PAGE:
With a wealth of information widely available online and baby feeding guidelines changing rapidly from what seems like year to year, it's not surprising for any new parent to feel uneasy about starting their baby on solid food.
With allergies being at the forefront of parents' concerns these days, many are taking extra caution when it comes to introducing certain foods to their little ones, such as peanuts, fish and eggs. To ease some of these concerns, this week, the Australasian Society of Clinical Immunology and Allergy released their guidelines for infant feeding for allergy prevention in the Medical Journal of Australia (MJA).
Though it seems counterproductive given that allergies are on the rise, especially in regions like Australia, study lead author Dr. Preeti Joshi explains that it is nevertheless recommended to incorporate eggs and peanuts into a baby's diet by 12 months, regardless of their risk factors. Two other main recommendations include introducing infants to sold food around six months (but not before four months) and discontinuing the use of hydrolyzed (partially and extensively) formula for the prevention of allergic disease.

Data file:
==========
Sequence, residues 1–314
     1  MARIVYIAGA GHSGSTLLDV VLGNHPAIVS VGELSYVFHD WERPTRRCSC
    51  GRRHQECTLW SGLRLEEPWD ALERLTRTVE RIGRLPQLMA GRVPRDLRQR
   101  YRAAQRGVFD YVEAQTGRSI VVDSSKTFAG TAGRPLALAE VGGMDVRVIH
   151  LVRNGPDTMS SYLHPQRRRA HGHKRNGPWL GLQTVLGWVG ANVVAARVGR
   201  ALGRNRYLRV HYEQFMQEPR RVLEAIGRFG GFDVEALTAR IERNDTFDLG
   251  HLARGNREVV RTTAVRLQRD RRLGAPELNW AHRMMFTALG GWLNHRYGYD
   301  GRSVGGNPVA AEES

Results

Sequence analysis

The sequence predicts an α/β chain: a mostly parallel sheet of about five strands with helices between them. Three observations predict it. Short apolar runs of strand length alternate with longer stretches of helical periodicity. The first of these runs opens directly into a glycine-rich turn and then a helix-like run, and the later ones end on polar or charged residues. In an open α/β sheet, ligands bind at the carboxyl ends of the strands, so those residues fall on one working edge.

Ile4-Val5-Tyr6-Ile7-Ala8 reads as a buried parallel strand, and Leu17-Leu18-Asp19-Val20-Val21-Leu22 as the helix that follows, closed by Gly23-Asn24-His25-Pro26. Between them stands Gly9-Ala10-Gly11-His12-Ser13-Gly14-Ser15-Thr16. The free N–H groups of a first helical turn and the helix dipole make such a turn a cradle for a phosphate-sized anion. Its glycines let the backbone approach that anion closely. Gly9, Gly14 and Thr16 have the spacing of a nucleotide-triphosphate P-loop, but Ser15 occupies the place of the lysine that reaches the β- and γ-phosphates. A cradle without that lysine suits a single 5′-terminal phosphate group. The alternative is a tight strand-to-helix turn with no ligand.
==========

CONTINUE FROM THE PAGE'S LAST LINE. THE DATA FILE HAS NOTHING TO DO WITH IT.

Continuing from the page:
With formula, in particular, researchers found no evidence to support its use in preventing eczema, food allergy, asthma or allergic rhinitis in children. In contrast, this view is not supported by other health administrations - namely, the US Food and Drug Administration - which still sees one brand of partially hydrolyzed formula marketing itself as a product that reduces the risk of eczema.
According to Dr. Joshi, there is "moderate evidence" that suggests babies who regularly consume peanuts could reduce the risk of developing an allergy down the road. She also suggested parents feed their children eggs and peanuts twice a week, to the same effect.
Dr. Richard Loh, a clinical associate professor and immunologist, understands why parents may feel conflicted about offering their very young children foods that could be a high risk for causing an allergic reaction - especially when these new guidelines come on the heels of completely different recommendations merely a decade ago.
"Ten years ago research suggested peanuts should be introduced by the three-year mark, so it's a valid point for parents to feel conflicted by this new information," he said. He added that if parents are especially concerned, they should consult a medical professional.
"Any parent who is cautious should consult with their doctor."